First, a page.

The use of promotoras de salud is an increasingly widespread delivery approach for community-based health education and promotion programs targeting obesity-related lifestyle behaviors for Hispanic populations. Addressing a gap in the literature, this research examined the sustainability of promotora-led initiatives from the perspectives of those who plan, implement, and evaluate these programs. We conducted 24 in-depth interviews with program planners representing 22 promotora programs focused on Hispanic women's health in 10 states. Findings illustrated program planners' opinions regarding the components, logistics, and barriers to promotora program sustainability. Several participants challenged the notion of promotora program sustainability by reframing the issue as promoting individual promotoras' well-being and social mobility rather than maintaining their role in the program over time. Implications for community health planning, management, and policy include developing sustainability strategies during program planning stages and implementation of policies to more effectively integrate promotoras into existing health care systems at local, state, and national levels.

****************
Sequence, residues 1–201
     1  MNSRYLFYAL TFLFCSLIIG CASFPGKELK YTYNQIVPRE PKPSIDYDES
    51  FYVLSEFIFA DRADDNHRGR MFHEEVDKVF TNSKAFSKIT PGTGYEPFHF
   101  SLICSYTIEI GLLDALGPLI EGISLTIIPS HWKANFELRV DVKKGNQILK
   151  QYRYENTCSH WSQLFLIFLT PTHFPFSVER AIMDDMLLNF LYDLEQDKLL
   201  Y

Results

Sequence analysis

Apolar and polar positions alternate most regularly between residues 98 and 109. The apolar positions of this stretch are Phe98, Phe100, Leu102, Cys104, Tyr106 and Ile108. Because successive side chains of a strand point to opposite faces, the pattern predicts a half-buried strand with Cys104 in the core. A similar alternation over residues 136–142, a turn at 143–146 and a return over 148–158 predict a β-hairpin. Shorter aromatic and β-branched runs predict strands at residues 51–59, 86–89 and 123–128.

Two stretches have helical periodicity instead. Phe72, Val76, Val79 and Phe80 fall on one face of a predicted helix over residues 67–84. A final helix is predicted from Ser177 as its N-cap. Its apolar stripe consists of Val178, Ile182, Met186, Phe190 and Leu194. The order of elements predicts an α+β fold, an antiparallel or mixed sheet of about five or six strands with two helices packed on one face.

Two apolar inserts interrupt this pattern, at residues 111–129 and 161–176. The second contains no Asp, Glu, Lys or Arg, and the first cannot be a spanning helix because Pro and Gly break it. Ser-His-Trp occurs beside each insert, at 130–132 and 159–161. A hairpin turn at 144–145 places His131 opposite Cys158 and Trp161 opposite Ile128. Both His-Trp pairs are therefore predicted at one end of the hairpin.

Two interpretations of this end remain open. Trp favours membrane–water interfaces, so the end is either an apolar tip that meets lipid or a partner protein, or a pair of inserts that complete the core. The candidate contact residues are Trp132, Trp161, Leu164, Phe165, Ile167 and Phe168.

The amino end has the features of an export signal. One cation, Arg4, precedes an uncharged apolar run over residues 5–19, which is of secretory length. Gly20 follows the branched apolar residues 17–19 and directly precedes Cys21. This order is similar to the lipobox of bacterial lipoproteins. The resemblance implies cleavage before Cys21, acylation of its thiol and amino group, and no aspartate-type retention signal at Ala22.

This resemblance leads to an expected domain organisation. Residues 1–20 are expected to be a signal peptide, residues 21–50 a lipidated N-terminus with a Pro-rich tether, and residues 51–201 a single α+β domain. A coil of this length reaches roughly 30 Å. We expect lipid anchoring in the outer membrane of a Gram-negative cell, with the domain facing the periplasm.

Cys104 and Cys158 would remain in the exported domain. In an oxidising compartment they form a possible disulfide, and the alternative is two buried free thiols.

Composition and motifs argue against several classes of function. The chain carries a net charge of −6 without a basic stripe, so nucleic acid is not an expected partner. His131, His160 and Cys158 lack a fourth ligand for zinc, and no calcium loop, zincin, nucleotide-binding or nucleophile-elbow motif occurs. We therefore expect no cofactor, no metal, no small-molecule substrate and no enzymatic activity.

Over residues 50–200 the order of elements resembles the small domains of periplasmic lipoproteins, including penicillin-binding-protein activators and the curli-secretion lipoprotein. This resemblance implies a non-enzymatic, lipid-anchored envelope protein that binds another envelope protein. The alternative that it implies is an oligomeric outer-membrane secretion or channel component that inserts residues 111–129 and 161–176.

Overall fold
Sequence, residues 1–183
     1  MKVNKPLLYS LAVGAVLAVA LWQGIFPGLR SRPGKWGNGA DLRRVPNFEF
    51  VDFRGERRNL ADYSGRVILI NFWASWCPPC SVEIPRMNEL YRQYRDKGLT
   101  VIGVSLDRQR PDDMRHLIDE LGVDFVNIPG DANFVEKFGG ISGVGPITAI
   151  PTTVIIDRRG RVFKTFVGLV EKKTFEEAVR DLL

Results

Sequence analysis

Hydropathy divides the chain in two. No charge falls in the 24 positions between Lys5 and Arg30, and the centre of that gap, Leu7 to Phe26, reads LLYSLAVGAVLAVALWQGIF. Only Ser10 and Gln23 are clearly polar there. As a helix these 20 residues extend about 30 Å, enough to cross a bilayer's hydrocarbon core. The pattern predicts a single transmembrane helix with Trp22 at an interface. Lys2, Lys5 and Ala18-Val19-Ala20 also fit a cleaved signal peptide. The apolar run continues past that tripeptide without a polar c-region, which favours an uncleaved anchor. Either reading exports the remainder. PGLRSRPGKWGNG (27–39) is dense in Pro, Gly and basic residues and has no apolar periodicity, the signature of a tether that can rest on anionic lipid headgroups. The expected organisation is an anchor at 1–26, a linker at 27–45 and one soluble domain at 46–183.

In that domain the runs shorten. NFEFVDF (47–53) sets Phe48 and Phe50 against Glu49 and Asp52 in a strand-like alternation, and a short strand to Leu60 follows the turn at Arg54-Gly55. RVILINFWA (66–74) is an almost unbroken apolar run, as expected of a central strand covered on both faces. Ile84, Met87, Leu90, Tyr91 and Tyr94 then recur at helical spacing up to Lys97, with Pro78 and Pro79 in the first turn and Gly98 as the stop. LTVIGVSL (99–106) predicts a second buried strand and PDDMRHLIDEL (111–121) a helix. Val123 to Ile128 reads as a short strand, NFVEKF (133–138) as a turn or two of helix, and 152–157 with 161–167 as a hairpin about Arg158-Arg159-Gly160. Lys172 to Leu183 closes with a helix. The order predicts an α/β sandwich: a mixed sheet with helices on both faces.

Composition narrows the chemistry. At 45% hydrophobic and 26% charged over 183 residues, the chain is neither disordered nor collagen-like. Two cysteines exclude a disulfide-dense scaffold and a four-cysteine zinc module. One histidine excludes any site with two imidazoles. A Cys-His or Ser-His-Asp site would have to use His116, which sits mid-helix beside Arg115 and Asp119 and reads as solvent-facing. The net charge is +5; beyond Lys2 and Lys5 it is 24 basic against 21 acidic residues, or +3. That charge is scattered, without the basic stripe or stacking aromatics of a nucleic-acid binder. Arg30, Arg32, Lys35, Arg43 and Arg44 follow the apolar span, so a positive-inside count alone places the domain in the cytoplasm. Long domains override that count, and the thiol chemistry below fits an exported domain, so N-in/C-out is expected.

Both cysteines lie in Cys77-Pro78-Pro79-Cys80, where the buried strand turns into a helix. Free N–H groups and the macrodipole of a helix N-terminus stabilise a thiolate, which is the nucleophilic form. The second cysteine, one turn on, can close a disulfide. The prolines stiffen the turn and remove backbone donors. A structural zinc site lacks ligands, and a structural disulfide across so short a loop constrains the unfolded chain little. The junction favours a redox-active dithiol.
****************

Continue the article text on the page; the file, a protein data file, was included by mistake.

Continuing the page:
This article examines the sustainability of promotora-led initiatives from the perspectives of those who plan, implement, and evaluate these programs. Findings illustrate program planner&#x0027; opinions regarding the components, logistics, and barriers to promotora program sustainability.
Department of Health Outcomes and Behaviors, Moffitt Cancer Center, Tampa, Florida (Dr Koskan); Department of Health Promotion, Education, and Behavior, Arnold School of Public Health (Drs Friedman, Brandt, and Walsemann), and College of Nursing (Dr Hilfinger Messias), University of South Carolina, Columbia, South Carolina.
Correspondence: Alexis Koskan, PhD, Department of Health Outcomes and Behaviors, Moffitt Cancer Center, Tampa, FL, 33612 (email@example.com).
Disclosure: The authors declare no conflicts of interest.
Acknowledgment: DB Friedman and HM Brandt were partially supported by Cooperative Agreement U48/DP001936 from the Centers for Disease Control and Prevention and the National Cancer Institute.